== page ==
Living in a world grown small, with different cultures and beliefs bumping up against each other, it is vital that we all think about the questions of difference and sameness and their relationship to each other. It is equally important to understand that our beliefs cannot be contingent on the behaviour of other people. That is to say, we must believe in the sacredness of all things and hold fast to our thealogy regardless of what our opponents believe or do to us. This is Goddess thealogy's gift: the ability to appreciate and engage different points of view and different people while always bearing in mind our ultimate, essential connectedness and sameness. Even when we are trying to change someone's mind or behaviour, we can still respect the "goddess" in them.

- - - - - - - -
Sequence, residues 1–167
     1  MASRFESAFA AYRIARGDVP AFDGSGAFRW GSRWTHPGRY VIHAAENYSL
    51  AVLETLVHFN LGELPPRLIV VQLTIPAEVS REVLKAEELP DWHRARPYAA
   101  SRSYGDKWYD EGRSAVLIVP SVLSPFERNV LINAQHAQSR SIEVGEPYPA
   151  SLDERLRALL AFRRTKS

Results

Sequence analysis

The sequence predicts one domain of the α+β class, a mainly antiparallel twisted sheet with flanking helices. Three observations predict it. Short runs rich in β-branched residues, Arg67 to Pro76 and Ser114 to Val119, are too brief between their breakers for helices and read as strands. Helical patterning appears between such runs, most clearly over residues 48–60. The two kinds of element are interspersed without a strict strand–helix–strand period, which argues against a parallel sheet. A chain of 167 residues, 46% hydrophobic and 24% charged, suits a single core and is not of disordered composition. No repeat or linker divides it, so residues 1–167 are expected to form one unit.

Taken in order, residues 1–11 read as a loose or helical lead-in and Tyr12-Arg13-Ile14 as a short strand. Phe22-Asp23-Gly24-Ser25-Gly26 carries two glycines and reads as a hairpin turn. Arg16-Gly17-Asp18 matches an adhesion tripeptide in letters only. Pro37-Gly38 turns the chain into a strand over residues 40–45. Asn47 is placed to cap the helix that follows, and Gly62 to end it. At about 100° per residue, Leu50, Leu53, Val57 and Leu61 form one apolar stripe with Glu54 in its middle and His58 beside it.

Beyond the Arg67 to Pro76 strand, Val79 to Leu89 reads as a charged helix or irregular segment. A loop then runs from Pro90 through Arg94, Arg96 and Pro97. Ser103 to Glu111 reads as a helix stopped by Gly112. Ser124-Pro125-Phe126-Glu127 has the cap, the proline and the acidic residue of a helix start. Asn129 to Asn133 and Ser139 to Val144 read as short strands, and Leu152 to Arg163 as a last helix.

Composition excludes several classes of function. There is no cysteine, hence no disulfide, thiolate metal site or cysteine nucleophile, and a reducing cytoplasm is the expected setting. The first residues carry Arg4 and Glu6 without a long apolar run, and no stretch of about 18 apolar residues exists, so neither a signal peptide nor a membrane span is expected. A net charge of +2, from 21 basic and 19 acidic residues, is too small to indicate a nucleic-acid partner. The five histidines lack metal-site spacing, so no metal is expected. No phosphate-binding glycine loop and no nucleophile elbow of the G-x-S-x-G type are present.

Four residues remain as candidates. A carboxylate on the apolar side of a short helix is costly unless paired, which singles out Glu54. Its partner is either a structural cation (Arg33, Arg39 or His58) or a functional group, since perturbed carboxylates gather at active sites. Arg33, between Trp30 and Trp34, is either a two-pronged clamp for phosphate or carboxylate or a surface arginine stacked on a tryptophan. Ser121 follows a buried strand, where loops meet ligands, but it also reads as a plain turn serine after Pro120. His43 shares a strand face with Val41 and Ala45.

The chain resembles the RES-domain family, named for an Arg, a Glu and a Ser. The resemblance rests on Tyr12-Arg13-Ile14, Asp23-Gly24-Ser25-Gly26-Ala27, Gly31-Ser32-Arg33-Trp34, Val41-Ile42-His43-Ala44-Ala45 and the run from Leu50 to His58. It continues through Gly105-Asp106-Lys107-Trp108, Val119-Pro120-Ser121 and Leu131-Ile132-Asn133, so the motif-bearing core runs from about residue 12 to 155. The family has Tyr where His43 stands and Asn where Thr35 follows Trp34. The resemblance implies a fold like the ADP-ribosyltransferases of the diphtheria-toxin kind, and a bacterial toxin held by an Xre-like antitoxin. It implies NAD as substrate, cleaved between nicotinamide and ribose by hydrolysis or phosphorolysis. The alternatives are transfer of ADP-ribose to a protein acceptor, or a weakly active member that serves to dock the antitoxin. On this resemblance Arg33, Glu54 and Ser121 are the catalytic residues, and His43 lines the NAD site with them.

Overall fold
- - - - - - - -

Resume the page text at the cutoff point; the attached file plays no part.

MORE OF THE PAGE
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+ Gebo, Copyright © 1999, Elizabeth Ross. All rights reserved. Used with permission.